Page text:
Friday, April 18, 2014

Red Letter Dates

The hours from tonight through tomorrow morning mark the 239th anniversary of Paul Revere’s “midnight ride” and the battles that ensued. It is one of the most significant anniversaries in American history -- perhaps the most significant, because it can be argued that if not for the events that took place on April 18th and 19th, 1775, the United States might never have come to be.

Tensions between American colonists and their British rulers were running high in those days, and while this was true in all of the colonies that would become our first 13 states, it was especially true in MassachusettsBritain had effectively shut Boston off from the world by blockading its port and quartering large numbers of soldiers within the city.

It was believed that Britain would invade the colony en masse, so residents in surrounding towns had been stockpiling munitions to defend themselves. The British targeted Lexington because revolutionaries John Hancock and Samuel Adams were thought to be there. They targeted Concord, the next town west of Lexington, because it was rumored to have a huge stash of munitions (which they wanted to confiscate) and because it had hosted the Provincial Congress.

When British forces were detected sneaking from Boston under cover of darkness on April 18th, Paul Revere and William Dawes mounted their horses and galloped into the countryside to warn their fellow citizens. Revere departed from Charlestown, across the Charles River from Boston proper, while Dawes left directly from the city. Revere’s route was the shortest to Lexington and Concord, and thus he was the first to warn their occupants of what was coming.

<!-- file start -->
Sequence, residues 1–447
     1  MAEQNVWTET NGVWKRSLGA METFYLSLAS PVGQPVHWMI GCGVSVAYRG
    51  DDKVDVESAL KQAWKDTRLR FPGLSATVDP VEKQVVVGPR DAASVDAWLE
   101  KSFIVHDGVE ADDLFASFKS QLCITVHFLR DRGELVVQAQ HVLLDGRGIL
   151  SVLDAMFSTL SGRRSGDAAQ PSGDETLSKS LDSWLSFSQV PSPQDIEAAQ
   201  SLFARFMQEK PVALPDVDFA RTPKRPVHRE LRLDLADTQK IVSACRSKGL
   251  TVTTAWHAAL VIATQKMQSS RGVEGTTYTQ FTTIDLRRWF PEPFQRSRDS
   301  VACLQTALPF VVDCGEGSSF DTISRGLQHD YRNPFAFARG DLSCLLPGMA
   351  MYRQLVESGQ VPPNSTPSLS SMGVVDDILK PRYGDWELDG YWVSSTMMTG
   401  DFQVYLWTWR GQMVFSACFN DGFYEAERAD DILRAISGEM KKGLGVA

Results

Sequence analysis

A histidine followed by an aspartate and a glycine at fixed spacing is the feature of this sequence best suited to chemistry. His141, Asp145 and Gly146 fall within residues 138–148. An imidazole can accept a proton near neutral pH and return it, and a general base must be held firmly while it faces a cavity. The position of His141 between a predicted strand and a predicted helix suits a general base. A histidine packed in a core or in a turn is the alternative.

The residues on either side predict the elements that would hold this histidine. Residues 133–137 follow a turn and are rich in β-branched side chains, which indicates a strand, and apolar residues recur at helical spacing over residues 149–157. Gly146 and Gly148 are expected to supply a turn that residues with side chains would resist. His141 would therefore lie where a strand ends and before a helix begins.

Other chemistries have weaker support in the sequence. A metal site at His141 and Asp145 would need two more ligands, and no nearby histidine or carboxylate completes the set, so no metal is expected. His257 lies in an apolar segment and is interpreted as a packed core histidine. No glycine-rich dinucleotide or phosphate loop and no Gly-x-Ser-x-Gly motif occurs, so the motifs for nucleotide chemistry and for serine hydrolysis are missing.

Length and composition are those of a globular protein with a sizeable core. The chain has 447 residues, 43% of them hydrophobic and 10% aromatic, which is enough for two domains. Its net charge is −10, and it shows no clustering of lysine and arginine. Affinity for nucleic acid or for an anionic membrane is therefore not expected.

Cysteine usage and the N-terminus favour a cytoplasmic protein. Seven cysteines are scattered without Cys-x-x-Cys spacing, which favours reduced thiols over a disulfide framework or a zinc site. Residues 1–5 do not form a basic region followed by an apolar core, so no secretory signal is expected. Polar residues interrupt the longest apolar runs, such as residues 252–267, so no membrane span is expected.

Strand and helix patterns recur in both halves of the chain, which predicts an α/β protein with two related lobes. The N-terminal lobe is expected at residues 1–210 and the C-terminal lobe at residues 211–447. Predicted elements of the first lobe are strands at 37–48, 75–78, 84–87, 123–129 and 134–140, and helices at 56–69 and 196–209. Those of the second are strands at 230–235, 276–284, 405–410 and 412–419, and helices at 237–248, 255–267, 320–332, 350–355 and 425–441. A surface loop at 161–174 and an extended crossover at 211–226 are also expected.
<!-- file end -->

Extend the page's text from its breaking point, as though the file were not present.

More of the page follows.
The next morning, Lexington’s village green was the site of the first skirmish between the British forces known as redcoats and the citizen militia known as minutemen. The latter took the worst of it, with eight dead and ten wounded compared to just a single wounded redcoat.

The British then marched on to their primary goal of Concord. After arriving and crossing the North Bridge, nearly half of them went about securing the bridge while the rest searched for weapons. When wooden cannon mounts were found, they were set afire and before long the flames engulfed a church.

Positioned on Punkatasset Hill some 300 yards from the bridge, Concord’s minutemen had been joined by minutemen from neighboring towns, giving them a numerical advantage the redcoats did not anticipate. When they saw the rising smoke, they believed their homes were being destroyed and responded by advancing.

Seeing them approach in such numbers, the redcoats retreated back across the bridge. A shot soon rang out, though no one knows who fired it, and within minutes a full-blown battle had transpired in which half the British officers were wounded.

Disoriented, the redcoats fled back toward Boston. Along the way, they fell under fire from minutemen who had arrived from elsewhere and were hiding behind fences and walls. By the time they returned to the city, they had sustained more than 200 casualties.

It was an indisputable defeat for the world’s most powerful military, delivered by ordinary people seeking simply to defend themselves against royal oppression. The example set by those people ignited the fuse of the American Revolution in such a way that it would not be extinguished. And the rest, as they say, is history.